Doug Bloomfield

Jewish World Review Sept. 14 , 1998 / 23 Elul, 5758

Douglas M. Bloomfield

Saddam: Israel's unintentional benefactor

SADDAM HUSSEIN'S LATEST OUTRAGES -- his decision to bar international weapons inspectors who were zeroing in on his illicit arsenal, and his ongoing attempt to undercut U.N. economic sanctions -- exposed the confusion that dominates American policy towards Iraq.

The Clinton Administration, preoccupied with lesser affairs at home and increasingly timid abroad, is hobbled by growing avarice and weakening resolve among its partners on the Security Council and in the Arab world.

Unlike other times when Saddam banned inspectors, this challenge may go unanswered. That is bad news in Israel, which cannot be happy with the American decision to drop threats of force to pry open the doors to Saddam's secret arsenals. Many Israeli defense planners feel diplomacy not backed with force is bound to fail.

It is no secret that the moment international sanctions are lifted, Saddam will resume building his arsenal of weapons of mass destruction and the missiles to deliver them -- if he hasn't already -- and Israel, Saddam';s longtime favorite target, will again be in his cross hairs, as it was during the 1991 Gulf War.

But Saddam has also has done much to help Israel, making it stronger militarily, politically, economically and diplomatically. All unintentionally.

His invasion of Iran nearly two decades ago tied down both nations, strained their treasuries, and killed or wounded over a million men on both sides, soldiers that the leaders of both countries would rather have sent to kill Israelis.

Saddam's initial attempt to go nuclear led to the dramatic Israeli raid on the Osiraq reactor in 1981 that won public condemnation and private gratitude throughout the Arab world.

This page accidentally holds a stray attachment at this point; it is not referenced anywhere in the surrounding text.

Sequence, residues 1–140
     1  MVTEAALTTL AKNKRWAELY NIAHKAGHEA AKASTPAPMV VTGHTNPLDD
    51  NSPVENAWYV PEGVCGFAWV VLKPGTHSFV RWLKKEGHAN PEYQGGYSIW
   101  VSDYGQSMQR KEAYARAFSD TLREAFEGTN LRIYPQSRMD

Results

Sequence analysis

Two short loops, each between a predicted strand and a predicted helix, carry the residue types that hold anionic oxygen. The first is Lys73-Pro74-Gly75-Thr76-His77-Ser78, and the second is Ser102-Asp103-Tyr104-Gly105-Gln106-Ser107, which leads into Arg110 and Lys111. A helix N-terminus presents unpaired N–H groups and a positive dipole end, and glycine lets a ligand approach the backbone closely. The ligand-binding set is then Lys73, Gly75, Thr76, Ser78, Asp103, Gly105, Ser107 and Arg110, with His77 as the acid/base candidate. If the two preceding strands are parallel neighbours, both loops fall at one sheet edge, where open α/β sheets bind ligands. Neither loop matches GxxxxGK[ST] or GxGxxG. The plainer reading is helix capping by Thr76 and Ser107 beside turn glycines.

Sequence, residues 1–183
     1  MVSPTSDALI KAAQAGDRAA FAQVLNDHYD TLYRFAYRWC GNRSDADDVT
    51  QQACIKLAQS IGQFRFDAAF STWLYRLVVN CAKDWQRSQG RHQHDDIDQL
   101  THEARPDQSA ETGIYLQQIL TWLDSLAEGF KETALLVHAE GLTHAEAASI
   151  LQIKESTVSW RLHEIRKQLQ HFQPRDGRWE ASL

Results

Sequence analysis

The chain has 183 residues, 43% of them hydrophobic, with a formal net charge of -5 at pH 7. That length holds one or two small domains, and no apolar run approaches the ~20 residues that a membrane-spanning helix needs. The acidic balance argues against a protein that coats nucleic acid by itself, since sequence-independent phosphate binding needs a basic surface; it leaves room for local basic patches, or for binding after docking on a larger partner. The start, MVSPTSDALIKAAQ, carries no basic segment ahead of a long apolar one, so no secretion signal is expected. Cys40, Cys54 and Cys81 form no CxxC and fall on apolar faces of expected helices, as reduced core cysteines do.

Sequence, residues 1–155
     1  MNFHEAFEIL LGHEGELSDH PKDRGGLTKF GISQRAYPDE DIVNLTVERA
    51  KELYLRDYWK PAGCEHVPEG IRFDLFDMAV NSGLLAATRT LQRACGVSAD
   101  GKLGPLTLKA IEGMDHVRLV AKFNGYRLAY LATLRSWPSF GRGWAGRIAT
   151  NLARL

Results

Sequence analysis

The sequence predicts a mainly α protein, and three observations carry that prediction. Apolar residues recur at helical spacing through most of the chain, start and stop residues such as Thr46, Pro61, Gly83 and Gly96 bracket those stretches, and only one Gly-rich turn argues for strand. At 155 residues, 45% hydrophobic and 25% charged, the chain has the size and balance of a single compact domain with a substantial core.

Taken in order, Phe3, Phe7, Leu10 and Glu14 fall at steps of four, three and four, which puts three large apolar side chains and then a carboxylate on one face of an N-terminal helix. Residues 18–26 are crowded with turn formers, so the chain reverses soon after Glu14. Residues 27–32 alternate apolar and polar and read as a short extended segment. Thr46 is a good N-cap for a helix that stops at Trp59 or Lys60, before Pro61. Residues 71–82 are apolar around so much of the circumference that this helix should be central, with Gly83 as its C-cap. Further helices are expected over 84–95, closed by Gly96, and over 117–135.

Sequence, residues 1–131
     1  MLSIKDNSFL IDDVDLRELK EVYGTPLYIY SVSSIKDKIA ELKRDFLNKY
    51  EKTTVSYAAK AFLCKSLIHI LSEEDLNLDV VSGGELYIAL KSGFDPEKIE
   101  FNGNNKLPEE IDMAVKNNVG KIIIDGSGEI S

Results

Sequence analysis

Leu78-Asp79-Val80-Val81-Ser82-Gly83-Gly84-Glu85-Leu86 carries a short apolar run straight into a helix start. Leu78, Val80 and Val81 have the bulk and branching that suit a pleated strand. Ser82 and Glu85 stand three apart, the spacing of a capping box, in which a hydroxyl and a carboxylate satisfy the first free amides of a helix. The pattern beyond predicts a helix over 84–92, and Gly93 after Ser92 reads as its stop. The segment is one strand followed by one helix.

It told potential adversaries that Israel has a long, lethal and accurate reach.

Most of all it was Saddam's invasion of Kuwait on August 2, 1990, that led to the Gulf War, which altered the course of history.

"It was one of the best wars from the Israeli point of view," said Gen. Ze'ev Livneh, Israel's military attache in Washington. "The price we paid of being hit by long-range missiles, compared to what happened to the Iraqi forces, was completely worthwhile."

The Gulf War also affirmed the end of the Cold War and the demise of the Soviet Union as a superpower.

Russia could do little to protect its lucrative Iraqi client, and in the end it had no choice but to endorse the U.S.-led war that not only devastated the Iraqi army but humiliated Soviet military equipment and doctrine.

It was no coincidence that Syria, another similarly outfitted Soviet client, was invited to join the coalition. That gave Assad and his generals one more chance to see a head-to-head between Soviet and American weapons and training. They'd already seen it up close in prior wars with Israel, particularly the 1982 Lebanon conflict which devastated the Syrian air defense system.

Israel was a big winner because of its courageous restraint in the face of a barrage of Iraqi Scud missiles intended to provoke it into retaliating and breaking the American-led coalition.